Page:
But are foreigners given special treatment in general by Chinese because of an inferiority complex?

We’ll look at that tomorrow…



  1. FOARP says:

    Yeah, I must have had 4-5 bikes stolen in Nanjing during my ~2 years there, each within at most six months of buying it. At first I went through the rigmarole of having it registered with the police and getting one of those license-plates (something which is, or at least was, supposed to be compulsory). After my bike was stolen before I could even register it, I stopped bothering. The weirdest one was my last – the thief stole the pedals and nothing else.

    Bike thieves in NJ were just off the hook in ’05 – is it still that way?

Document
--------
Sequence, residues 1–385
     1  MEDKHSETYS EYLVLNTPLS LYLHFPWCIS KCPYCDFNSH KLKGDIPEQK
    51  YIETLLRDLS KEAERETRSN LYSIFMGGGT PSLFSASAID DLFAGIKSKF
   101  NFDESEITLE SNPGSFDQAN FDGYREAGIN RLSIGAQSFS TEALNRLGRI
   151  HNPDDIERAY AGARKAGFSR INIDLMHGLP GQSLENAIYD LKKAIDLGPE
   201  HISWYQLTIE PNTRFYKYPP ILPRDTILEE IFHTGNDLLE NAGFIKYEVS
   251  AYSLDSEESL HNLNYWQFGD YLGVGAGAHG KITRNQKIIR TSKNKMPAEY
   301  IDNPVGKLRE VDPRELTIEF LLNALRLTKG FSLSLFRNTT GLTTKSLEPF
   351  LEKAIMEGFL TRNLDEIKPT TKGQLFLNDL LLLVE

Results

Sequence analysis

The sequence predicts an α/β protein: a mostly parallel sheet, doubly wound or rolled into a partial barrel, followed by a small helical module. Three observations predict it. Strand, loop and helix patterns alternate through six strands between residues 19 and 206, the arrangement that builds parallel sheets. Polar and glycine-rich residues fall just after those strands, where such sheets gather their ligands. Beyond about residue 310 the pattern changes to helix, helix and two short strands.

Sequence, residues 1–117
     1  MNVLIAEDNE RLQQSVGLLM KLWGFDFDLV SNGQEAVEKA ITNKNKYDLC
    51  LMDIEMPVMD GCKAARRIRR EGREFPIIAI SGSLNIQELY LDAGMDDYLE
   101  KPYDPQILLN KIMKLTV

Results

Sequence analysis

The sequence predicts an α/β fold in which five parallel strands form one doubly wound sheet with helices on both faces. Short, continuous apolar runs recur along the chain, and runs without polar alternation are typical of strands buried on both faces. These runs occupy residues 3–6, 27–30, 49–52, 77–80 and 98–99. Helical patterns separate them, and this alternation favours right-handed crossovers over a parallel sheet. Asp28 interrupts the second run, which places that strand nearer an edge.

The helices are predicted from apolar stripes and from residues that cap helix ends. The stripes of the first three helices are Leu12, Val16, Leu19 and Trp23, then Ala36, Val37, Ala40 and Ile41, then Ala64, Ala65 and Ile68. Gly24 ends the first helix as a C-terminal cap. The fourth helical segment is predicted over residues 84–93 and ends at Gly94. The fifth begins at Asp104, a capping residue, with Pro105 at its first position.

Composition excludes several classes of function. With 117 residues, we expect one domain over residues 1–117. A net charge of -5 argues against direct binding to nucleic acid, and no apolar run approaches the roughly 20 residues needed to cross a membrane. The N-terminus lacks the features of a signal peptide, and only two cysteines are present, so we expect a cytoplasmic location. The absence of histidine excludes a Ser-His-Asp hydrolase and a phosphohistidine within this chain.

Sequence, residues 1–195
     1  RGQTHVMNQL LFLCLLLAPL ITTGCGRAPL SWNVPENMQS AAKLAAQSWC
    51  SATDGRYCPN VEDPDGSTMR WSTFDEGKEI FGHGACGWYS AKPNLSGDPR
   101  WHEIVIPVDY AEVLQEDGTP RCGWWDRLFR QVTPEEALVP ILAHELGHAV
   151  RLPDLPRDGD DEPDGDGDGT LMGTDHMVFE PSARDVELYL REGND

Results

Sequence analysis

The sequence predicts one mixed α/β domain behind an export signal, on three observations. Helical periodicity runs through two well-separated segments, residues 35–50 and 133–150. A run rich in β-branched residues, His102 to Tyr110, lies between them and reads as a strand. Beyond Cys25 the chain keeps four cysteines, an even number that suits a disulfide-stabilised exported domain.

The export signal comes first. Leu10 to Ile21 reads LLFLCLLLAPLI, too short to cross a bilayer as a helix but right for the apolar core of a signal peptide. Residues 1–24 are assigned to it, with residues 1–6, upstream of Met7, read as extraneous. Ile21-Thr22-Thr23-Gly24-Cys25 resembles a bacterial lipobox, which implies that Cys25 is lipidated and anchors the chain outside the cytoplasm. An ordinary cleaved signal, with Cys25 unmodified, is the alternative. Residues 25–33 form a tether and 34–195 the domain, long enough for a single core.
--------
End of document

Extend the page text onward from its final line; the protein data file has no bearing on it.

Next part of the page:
• sinostand says:

      I was there ’07 to ’10 and it was the same. I had a few normal bikes stolen (never bothered with police registration or anything on those) – and I had locked them up like the Batmobile. Apparently now there are gangs of pregnant thieves there that steal bikes with impunity: http://www.chinahush.com/2011/04/05/electric-bicycles-stolen-by-pregnant-women-nothing-can-stop-this/

      My British friend once saw a thief carrying his bike away awkwardly with the lock still on one wheel. There was a campus security guard nearby sitting in his little golf cart patrol vehicle so my friend pleaded with him to go after the thief before he got away. He just sat there and pretended he didn’t understand the situation.

  2. justrecently says: